Panel 2

Gender, Mobility and Change

Panel organiser: Diana H. Madsen, Senior Researcher, Nordic Africa Institute, Uppsala, Sweden

E-mail: diana.hojlund-madsen@nai.uu.se

Postcolonial feminist critical perspectives provide important insights on the intersection of gender and race and on gendered and racialised representations of migrants. The panel will explore how postcolonial feminist insights inform theories and methodologies for research on gender, mobility and change and can work to deconstruct existing stereotypes and destabilise representations. Which new theoretical concepts and methodologies have been developed in studies of gender, mobility and change? How have insights from postcolonial feminism been used in new studies on gender, mobility and change? The panel will look into studies on gender and migration from specific African contexts and sectors as well representations of African migrants in culture and art to explore how migration has influenced gender relations. What are the consequences for notions of men and masculinities? And how has migration changed the roles of women?

With this panel, we hope to challenge existing gendered stereotypes and representations on migration and explore new tendencies on gender, mobility and change.

Approved abstracts panel 2

1. “When I grow up, I want to be like you”: young men, poverty and aspirational masculinities in contemporary Nairobi

Author: Carolyne Egesa, University of Amsterdam, The Netherlands.
E-mail: C.P.Egesa@uva.nl

Building on recent calls for focus on street-level optimism about life and the world, exemplified in Appadurai’s (2013) concept of ethics of possibility, this paper takes up the question of “aspirational masculinities” among poor young men living in marginalized neighborhoods in Nairobi, Kenya. For many of these young men, aspirational is the best way to describe their longing for particular forms of manhood, which remain beyond their reach due to economic marginality.  Despite their economic marginality, most men associated ‘proper’ masculinity with hegemonic societal norms, including marriage, provisioning, breadwinning, wealth accumulation, and self-reliance. Perhaps as compensation for their failure to consistently perform such modes of hegemonic masculinity, however, these men articulated strong aspirations for masculinities that embody values of care such as positive emotion, interdependence, relationality, and the rejection of domination and its associated traits. Drawing on examples from 15 months of ethnographic fieldwork, this paper attempts to theorize the complex structural, social and individual factors that contribute to the aspirational ‘caring masculinities. We contend that the masculinity aspirations of poor Nairobi youth are complex; fashioned at the crossroads of structural constraints and agentive projects for a good life, and simultaneously supportive and resistive of traditional hegemonic manliness ideals.  Limited and mediated through their location on a peculiar local and global context, these young men’s aspirational masculinities both reflect an objective condition of practical and enduring inequality as well as a deep desire for positive social change.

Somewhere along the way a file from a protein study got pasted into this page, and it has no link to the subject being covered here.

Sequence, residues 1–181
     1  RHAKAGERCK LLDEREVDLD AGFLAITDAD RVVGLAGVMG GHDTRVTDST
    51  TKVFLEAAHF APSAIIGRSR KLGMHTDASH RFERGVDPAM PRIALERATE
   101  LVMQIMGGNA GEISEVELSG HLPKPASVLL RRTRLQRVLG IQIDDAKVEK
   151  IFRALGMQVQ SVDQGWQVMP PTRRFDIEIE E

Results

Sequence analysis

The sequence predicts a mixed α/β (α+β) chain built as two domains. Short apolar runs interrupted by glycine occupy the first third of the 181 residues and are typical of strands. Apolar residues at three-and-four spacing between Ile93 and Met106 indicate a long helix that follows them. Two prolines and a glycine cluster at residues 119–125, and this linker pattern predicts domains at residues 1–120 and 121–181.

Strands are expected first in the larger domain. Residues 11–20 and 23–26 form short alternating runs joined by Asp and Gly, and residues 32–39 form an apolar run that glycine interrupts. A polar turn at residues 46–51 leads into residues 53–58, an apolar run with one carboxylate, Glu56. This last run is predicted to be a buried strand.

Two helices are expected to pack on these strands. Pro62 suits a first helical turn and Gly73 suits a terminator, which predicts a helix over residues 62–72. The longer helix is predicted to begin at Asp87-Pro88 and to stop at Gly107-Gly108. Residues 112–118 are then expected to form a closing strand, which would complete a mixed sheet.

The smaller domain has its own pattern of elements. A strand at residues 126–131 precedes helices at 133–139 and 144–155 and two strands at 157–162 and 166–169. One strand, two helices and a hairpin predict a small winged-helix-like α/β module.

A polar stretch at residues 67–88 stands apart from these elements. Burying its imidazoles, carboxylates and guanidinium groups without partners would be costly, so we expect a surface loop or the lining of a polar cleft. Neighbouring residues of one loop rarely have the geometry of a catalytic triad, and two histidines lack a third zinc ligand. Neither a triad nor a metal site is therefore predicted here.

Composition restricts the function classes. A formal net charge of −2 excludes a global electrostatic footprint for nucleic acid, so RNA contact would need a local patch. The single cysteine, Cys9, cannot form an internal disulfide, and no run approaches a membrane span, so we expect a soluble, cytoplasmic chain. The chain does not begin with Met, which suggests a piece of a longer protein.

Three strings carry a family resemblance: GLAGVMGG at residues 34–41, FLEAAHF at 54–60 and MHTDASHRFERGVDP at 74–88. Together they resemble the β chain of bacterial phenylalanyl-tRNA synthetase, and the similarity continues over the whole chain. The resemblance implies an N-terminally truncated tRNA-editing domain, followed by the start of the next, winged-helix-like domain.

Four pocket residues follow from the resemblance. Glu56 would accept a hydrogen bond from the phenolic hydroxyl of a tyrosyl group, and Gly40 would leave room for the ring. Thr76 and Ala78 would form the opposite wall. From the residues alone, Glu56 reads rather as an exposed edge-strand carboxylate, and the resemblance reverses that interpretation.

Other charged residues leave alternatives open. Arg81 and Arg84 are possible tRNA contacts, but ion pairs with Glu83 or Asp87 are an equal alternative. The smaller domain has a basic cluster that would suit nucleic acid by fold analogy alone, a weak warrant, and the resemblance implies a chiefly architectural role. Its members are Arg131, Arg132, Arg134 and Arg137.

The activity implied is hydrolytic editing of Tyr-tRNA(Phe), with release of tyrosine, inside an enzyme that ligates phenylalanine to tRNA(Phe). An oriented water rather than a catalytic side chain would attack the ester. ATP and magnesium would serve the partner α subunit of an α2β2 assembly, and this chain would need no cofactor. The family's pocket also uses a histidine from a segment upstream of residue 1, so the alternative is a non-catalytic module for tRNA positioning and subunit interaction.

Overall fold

2. Understanding transnational teacher migration: narrative expressions of women teachers in southern Africa

Authors: N. Mashiya and Dipane Hlalele, University of Kwazulu-Natal, South Africa.
E-mail: mashiyaj@ukzn.ac.za; hlaleled@ukzn.ac.za

This paper provides an exploration and subsequent understanding of the concept and practices of transnational women teacher migration in the southern African region. Drawing from the premise that cherishes understanding as a fluid, pluralistic and reciprocal exercise, we tap into the narrative expressions of women teachers in basic and higher education to understand the nature and factors at play in their migration. Transnational teacher migration is a trend that is seen to predominantly emanate from emerging to developed economies. Whilst emigration is seen in a negative light in that it robs fledgling economies of their valuable assets and purchasing power, developed economies usually reap the rewards of a skilled workforce. In addition, women teachers may be presumed to be less mobile than their male counterparts in many parts of the African continent. Couched within Appreciative Inquiry, the presenters unravel women teachers’ narratives regarding their migration to other countries. For various reasons attributable to the ease with which certain jobs in the teaching fraternity may be accessed, most women teachers chose countries closest to their homes whilst fewer seem to opt  for the available opportunities further afield.